Last week marked the 50th anniversary of the Supreme Court’s unanimous decision in Gideon v. Wainwright, in which the court held that state governments—like the federal government—are constitutionally obligated to provide attorneys for indigent defendants in criminal trials.
The last few years have seen a surge of interest from conservatives and libertarians in improving indigent defense services, which are widely acknowledged to be inadequate. Two weeks ago, the Heritage Foundation held an event on indigent defense, hosted by former Attorney General Ed Meese. Also, as this Washington Monthly piece notes, a CPAC panel hosted by David Keene of the National Rifle Association last week touched on the importance of indigent defense. (Incidentally, improving indigent defense is just the tip of the iceberg for Meese and Keene, both of whom are signatories to the Right On Crime Statement of Principles, which advocates far-reaching reforms in American criminal justice.)
In a recent Cato Institute paper, Professors Stephen Schulhofer and David Friedman argued that this interest among advocates of limited government makes perfect sense:
[O]f all the services that governments provide to the poor, [indigent defense] is arguably the one most defensible on libertarian (as well as other) grounds. Judicial proceedings, including the opportunity to present a defense, are an intrinsic part of a broader service that governments provide to the public as a whole—law enforcement and social protection….[T]hat service is one of government’s most basic tasks and indeed is typically seen as the primary raison d’être of the state.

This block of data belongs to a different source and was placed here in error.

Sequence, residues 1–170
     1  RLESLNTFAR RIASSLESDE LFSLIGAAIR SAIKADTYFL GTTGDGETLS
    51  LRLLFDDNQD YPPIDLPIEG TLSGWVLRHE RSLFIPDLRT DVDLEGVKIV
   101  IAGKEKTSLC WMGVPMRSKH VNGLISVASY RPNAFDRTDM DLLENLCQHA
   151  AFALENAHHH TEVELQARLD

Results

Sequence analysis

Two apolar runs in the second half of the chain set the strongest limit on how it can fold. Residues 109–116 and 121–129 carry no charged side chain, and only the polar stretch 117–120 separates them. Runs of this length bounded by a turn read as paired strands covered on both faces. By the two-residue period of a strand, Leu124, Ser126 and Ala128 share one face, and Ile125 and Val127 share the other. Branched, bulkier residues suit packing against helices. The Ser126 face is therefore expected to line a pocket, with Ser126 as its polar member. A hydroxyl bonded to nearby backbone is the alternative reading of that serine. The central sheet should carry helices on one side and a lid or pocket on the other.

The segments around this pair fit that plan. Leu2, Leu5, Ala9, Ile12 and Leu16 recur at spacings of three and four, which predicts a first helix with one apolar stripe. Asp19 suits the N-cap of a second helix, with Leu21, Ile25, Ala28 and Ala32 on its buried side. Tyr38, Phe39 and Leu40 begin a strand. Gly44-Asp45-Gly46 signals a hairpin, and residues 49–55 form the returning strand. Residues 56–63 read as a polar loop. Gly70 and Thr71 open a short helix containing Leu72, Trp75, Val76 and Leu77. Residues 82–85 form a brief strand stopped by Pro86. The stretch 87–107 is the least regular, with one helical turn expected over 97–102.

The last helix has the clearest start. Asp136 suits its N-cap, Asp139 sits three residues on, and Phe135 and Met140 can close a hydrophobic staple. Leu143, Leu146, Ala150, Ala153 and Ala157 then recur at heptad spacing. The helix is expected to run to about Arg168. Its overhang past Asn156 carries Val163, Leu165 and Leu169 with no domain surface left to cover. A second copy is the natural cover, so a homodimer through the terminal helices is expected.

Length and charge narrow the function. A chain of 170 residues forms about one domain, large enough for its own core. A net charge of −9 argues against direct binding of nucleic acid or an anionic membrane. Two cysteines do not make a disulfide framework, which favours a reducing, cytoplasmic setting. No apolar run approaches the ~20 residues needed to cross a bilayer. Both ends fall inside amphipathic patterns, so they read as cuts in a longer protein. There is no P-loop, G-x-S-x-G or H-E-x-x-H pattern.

Schulhofer and Friedman went on to discuss the conflict-of-interest problems that plague indigent defense services. A judge generally chooses an indigent’s lawyer for him, and while most judges are well-intentioned, they face pressure to move crowded dockets. So their jobs are easier if they appoint a lawyer who will file the fewest motions and enter a quick plea regardless of the facts.
To address this problem, Schulhofer and Friedman suggested that jurisdictions experiment with indigent defense “vouchers.” (I also authored a paper for Texas Public Policy Foundation last year that further develops the voucher idea, and explains how such a system might operate in my home state of Texas.)
Vouchers would empower indigent clients to select the most capable and independent counsel. To help clients make informed decisions, local bar associations could provide information on how prior clients have rated various attorneys and monitor their caseloads to identify counsel whose high volume of cases suggests they may simply be entering pleas rather than providing a vigorous defense. In Texas, the state Task Force on Indigent Defense is already beginning to explore these ideas.
Nearly forty years ago, Milton Friedman argued that although government may have a role in ensuring access to food and education, it does not necessarily follow that government is well-suited to managing grocery stores and schools. Food stamps for use in privately-managed groceries and vouchers for private schools probably work better. There is no reason the same logic would not apply to indigent defense services.
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